Mae Doyle comes back to her hometown a cynical woman. Her brother Joe fears that his love, fish cannery worker Peggy, may wind up like Mae. Mae marries Jerry and has a baby; she is happy but restless, drawn to Jerry's friend Earl.
British hunter Thorndike vacationing in Bavaria has Hitler in his gun sight. He is captured, beaten, left for dead, and escapes back to London where he is hounded by German agents and aided by a young woman.
A western based on the story "Gunsight Whitman" by Silvia Richards. Vern Haskell, a nice rancher, seeks out to avenge his fiancé's death when she is killed during a robbery. His revenge leads him to Chuck-a-luck, Altar Keane's ranch set up to hide criminals, and he finds more than he bargains for. Written by
Andre'a M. Thompson <firstname.lastname@example.org>
Cinematographer Hal Mohr, who had previously photographed Marlene Dietrich in Destry Rides Again (1939), attempted to resign from the film due to Dietrich's insistence that he use lighting to make her look much younger than she was, and Mohr didn't think it was possible to make her look as young as she wanted him to. See more »
Ken Darby is given screen credit for the music and lyrics to "Gypsy Davey". In reality, "Gypsy Davey" is a folk song from the Scottish/Irish tradition that dates back to the 18th century. See more »
Despite rich Technicolor and a heated performance from Dietrich...a mediocre western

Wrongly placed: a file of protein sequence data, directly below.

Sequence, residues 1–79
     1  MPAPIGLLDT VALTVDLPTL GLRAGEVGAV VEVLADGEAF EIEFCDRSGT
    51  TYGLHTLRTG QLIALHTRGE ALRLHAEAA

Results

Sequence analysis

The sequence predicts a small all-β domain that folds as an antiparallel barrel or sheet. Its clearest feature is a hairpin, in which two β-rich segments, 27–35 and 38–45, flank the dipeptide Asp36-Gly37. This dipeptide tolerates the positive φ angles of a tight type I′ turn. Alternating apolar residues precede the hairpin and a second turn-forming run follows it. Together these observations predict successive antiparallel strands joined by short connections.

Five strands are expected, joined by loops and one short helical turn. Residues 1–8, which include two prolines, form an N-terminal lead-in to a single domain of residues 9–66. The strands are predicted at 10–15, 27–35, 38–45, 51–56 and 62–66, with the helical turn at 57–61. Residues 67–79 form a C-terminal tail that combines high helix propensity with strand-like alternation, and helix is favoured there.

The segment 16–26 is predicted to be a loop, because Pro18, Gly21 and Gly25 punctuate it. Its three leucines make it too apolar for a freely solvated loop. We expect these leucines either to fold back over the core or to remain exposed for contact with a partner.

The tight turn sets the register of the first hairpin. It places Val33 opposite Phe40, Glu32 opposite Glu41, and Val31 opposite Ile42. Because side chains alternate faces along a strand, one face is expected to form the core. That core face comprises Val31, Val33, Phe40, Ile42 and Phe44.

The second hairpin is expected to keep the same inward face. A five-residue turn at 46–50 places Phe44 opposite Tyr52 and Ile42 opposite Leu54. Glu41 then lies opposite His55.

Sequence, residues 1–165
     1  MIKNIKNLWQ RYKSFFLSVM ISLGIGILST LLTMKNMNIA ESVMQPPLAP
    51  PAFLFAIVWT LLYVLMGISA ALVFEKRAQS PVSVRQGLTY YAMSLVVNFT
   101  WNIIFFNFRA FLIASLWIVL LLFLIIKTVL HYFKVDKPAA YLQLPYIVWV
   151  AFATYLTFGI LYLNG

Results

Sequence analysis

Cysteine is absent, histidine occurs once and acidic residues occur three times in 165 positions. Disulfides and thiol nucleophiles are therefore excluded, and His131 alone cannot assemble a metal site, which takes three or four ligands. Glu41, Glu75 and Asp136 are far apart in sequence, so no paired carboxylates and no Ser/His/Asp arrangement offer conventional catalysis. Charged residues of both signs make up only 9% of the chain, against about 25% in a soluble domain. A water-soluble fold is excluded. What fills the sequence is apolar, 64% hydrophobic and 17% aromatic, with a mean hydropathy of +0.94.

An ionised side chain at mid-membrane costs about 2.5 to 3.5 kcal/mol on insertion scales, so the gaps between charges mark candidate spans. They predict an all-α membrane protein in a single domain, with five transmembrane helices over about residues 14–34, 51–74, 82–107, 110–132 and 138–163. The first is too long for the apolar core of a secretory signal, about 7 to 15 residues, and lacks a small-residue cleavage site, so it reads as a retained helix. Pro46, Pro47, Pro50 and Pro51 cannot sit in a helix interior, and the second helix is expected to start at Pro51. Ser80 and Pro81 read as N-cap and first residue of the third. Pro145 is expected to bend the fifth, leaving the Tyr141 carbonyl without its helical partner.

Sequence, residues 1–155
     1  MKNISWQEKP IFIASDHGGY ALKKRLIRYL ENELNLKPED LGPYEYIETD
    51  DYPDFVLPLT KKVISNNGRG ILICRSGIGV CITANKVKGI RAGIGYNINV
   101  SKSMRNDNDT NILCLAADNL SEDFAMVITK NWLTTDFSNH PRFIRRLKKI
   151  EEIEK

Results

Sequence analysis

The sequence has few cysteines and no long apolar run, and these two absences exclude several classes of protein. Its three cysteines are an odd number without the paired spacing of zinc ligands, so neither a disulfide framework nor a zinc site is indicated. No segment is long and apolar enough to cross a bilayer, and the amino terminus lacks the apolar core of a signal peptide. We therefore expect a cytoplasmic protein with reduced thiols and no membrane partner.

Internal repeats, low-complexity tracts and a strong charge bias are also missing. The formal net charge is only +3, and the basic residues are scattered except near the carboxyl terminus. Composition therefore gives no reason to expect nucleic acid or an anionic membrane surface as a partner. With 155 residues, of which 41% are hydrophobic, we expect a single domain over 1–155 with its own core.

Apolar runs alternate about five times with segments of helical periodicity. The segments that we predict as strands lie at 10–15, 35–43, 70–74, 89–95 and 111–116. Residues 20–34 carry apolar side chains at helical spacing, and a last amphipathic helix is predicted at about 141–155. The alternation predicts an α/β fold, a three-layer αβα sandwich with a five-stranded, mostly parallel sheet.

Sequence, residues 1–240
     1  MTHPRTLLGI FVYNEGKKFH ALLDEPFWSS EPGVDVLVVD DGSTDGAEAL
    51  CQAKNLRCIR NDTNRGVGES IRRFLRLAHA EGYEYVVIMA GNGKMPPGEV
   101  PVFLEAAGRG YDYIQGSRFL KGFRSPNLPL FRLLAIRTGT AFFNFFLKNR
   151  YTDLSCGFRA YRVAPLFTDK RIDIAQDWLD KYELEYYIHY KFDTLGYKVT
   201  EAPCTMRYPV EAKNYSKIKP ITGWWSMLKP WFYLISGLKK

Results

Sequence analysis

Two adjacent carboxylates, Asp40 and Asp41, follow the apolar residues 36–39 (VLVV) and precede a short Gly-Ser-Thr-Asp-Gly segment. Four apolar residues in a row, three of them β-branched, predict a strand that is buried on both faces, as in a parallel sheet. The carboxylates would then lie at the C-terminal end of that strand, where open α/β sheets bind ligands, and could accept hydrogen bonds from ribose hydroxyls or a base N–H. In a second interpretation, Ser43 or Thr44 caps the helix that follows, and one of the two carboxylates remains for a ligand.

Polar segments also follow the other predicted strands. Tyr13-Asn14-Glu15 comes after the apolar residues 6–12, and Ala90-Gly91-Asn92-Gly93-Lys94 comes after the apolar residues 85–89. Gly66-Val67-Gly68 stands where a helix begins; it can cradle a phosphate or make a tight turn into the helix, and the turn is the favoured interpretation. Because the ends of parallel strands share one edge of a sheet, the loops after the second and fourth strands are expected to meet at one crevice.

A honest rancher, palming himself off as an outlaw to gain acceptance into a fraternal haven of gangsters hiding out in the sticks, is only after the varmint who murdered his fiancée--but ends up feeling a strong sexual attraction to the woman who runs the Chuck-a-Luck, a former saloon hostess with a colorful reputation. Fritz Lang-directed western was plagued with problems (both during the production and after), although Marlene Dietrich--allegedly the cause of most of the on-set turmoil--gives a must-see performance as the notorious Altar Keane ("They even named a railroad car after her!"). Throaty, sensuous, and no-nonsense, Dietrich is willing to go all the way with this role, and one can practically feel the binds holding her back. Arthur Kennedy is better than usual as the newcomer to Dietrich's brood of happy killers and robbers (he and Marlene have palpable chemistry), but Mel Ferrer is stiff and unsure as suave outlaw Frenchy Fairmont (the cartoonish name doesn't match the actor playing the role). The deep, mellow colors are beautiful, and yet the Technicolor cinematography heightens the artificiality of the indoor sets. Not a great picture, and one that is prodded along by a laughably corny folk ballad, though Lang does manage to come up with a few fresh twists on the genre and the supporting players are solid. ** from ****
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